Saturday, September 11, 2021

London’s newest music festival Wide Awake debuts in Brockwell Park

After a bit of a false start in the cursed year of 2020, Wide Awake festival finally premiered in Brixton’s Brockwell Park this September – courtesy of the people behind the original Field Day, Bad Vibrations, MOTH Club, Brixton Windmill, and The Shacklewell Arms (to name a few). 

Marketed as a music festival for those wanting something different, Wide Awake brought together underground outsiders and leftfield bands just skirting the musical mainstream, albeit on their own terms. 

The resulting magical blend of Post-Punk, Electronica, Jazz, and Indie is a music snob’s wet dream – an indulgent and intoxicating cocktail that is impossible to consume cautiously.

Unsurprisingly, there was very little caution on the 3rd of September. Starving for live music and fist-pumping experiences, the crowd at Wide Awake turned it up to the max. Think every type of outfit under the sun (including but not limited to boiler suits, leather jackets in 21-degree heat, tweed, cravats, Rough Trade totes, and Louis Theroux T-shirts, as well as a lone faux-fur coat); hardcore moshing that sent drinks and shoes into the stratosphere; crowd surfing by attendees and performers alike; banshee-like screaming and clouds of cigarette smoke. To put it simply, the crowd was partying like their lives depended on it. 


Indeed, this level of energy, although exhausting, was well warranted. Throughout the day, I managed to catch 10 acts making my £29.50 early-bird ticket the most profitable investment of my life. Carried through from 2020, it entitled me to a free “thank you” drink and the musical nirvana that was the line-up. Packed with acts I’ve been longing to see for years, the day was rife with sounds new and old. The storm of IDLES shirts (we counted 73 throughout the day) was a testament to the strength of the headlining band’s magnetic pull and their afternoon set – prior to the same-day appearance at Bristol’s Clifton Downs – was a riotous celebration of all thing’s music and community. 


Unexpectedly, it was the more subdued sets that stood out for me that day. Not that you can call the Snapped Ankles performance subdued, exactly; more like overlooked, since it took place at the same time as a set by the current indie-darlings, Black Country, New Road. The crowd that chose those swamp monsters over BC, NR was treated to an electrifying tornado of sound that possessed the body and invigorated the soul. PVA’s afternoon set was an equally thrilling performance, despite the sunlight slightly jarring with their darkly electronic sound. Thankfully, it didn’t deter the audience from treating it like a techno rave, as they energetically boogied it out in the heaving crowd. Yard Acts was another highlight, completely dominating the tiny So Young Stage with their wry and witty sound to chanting cries of “Yorkshire” from the crowd.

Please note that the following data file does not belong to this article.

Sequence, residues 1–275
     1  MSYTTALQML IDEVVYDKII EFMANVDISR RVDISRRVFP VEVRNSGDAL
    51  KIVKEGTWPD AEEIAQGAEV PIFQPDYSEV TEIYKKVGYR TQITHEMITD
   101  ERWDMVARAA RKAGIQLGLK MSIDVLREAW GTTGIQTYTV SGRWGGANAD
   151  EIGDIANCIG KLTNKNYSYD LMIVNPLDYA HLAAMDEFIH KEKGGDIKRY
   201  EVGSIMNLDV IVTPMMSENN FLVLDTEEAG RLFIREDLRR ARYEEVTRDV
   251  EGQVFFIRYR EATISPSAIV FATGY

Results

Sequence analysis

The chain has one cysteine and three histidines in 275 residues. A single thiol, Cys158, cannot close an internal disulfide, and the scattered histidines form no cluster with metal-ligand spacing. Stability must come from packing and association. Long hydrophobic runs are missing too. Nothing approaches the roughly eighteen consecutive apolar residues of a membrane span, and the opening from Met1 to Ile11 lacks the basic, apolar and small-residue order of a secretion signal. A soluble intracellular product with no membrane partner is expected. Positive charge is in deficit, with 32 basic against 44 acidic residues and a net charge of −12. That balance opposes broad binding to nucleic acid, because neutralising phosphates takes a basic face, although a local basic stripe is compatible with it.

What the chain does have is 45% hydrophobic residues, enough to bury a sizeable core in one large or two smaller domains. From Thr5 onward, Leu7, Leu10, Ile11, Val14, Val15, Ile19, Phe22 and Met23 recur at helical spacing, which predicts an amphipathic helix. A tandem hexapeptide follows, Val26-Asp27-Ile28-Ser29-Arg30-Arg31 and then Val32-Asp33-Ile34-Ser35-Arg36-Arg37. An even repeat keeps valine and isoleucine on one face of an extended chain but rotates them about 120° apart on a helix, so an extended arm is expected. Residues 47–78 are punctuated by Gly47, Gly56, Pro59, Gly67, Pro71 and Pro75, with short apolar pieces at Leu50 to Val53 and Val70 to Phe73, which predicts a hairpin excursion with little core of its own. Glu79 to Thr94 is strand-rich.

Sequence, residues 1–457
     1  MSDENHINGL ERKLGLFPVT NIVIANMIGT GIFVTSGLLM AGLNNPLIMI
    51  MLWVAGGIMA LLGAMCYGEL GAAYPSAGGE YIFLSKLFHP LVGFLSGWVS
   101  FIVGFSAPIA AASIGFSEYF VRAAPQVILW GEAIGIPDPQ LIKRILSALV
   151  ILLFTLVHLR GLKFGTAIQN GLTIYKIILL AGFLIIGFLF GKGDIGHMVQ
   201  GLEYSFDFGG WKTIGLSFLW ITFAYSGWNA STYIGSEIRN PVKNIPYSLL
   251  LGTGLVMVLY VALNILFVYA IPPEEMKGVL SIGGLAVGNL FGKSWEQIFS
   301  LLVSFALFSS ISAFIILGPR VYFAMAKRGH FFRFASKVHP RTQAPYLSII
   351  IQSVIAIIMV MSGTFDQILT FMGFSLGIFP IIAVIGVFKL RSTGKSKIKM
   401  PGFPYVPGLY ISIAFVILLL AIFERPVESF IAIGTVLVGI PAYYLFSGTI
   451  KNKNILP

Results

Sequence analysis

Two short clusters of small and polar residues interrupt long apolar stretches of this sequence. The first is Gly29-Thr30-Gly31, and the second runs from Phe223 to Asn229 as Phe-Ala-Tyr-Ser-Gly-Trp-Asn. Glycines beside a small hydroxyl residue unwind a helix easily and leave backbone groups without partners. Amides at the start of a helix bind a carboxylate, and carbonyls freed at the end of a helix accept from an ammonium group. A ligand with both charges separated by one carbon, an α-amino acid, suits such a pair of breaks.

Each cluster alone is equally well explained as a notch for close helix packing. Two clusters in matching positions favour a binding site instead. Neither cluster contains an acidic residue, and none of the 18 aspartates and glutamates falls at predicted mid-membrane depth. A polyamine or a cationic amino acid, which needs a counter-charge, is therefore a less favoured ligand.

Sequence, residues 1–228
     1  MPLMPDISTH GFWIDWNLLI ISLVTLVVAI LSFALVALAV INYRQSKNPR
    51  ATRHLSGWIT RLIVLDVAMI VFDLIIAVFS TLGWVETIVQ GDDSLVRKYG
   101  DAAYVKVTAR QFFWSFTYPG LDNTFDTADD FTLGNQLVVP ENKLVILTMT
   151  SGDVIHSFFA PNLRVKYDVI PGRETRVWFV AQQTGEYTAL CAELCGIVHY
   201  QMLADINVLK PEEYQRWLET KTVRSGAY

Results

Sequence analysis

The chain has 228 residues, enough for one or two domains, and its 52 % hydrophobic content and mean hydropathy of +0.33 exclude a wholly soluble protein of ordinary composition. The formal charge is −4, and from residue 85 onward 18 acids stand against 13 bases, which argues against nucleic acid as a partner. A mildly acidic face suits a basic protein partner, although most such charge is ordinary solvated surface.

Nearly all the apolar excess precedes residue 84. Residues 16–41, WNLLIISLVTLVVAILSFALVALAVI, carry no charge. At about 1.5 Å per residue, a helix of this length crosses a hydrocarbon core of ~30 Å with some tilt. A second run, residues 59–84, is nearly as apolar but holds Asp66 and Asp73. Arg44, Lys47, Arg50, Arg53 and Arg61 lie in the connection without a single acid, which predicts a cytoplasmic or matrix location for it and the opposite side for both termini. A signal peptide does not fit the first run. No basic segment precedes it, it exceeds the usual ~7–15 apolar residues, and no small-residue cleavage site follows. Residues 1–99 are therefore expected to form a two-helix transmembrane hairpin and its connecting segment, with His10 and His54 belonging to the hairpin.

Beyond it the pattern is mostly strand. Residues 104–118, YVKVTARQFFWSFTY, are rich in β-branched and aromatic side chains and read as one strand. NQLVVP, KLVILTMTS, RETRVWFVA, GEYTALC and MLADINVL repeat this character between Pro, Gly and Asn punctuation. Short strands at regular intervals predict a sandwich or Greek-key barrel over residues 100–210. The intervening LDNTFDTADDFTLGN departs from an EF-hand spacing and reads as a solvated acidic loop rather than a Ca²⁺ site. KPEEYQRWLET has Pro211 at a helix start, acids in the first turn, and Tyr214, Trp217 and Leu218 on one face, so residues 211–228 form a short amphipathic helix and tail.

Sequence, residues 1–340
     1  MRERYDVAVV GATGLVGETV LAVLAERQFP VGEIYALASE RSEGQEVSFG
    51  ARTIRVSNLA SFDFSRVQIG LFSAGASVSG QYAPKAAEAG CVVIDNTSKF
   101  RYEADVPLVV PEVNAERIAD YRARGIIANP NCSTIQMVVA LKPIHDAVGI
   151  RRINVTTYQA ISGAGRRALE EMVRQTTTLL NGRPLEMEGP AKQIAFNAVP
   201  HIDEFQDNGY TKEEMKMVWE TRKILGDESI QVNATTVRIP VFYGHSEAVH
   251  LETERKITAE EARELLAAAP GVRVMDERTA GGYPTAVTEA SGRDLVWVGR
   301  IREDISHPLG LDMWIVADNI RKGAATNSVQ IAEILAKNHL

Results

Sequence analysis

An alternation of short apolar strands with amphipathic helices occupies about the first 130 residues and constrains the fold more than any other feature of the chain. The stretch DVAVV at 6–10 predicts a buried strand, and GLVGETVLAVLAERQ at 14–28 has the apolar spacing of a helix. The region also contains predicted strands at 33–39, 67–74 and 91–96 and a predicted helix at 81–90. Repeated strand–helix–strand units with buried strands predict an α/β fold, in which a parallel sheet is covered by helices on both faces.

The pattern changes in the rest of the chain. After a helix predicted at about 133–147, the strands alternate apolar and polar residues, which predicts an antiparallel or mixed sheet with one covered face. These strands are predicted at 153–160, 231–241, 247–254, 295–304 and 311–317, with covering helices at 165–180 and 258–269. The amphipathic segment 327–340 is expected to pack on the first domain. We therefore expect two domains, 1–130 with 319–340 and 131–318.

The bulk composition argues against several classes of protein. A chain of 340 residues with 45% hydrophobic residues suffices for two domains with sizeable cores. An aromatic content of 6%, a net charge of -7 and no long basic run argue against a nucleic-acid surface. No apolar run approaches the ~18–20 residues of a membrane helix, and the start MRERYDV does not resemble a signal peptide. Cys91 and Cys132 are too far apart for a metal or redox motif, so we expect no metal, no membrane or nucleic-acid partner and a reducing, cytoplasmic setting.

What pleased me the most about this festival was the level of solidarity and appreciation among the artists. Tiña’s opening, early afternoon set didn’t go unnoticed by IDLES, who gave them a shout-out when taking over the same stage later in the day. Passing on the baton of support, Tiña’s members could be seen energetically bopping along in the wings of a PVA set, while Shame’s guitarist Eddie Green could be spotted in the crowd of Crack Cloud attendees, moments before his own closing number. 


It goes without saying that, although not overshadowed, the day contained traces of COVID’s menacing presence. A number of bands including Americans Boy Harsher and Australians Tropical F*ck Storm couldn’t perform due to travel issues, while SCALPING and Dream Wife fell victim to the virus itself, being replaced at the last moment by Dry Cleaning and Snapped Ankles. Nevertheless, the day itself felt like a close approximation of normality, with crowds of people blissfully surrendering to an afternoon of joy, comradeship, and music. 

Perhaps, the most appropriate summation of the day came from Shame’s frontman Charlie Steen, who professed in the festival’s final moments – “Gigs are back – f*ck COVID!”. 


Liza Kupreeva


Image credit: Paul Hudson

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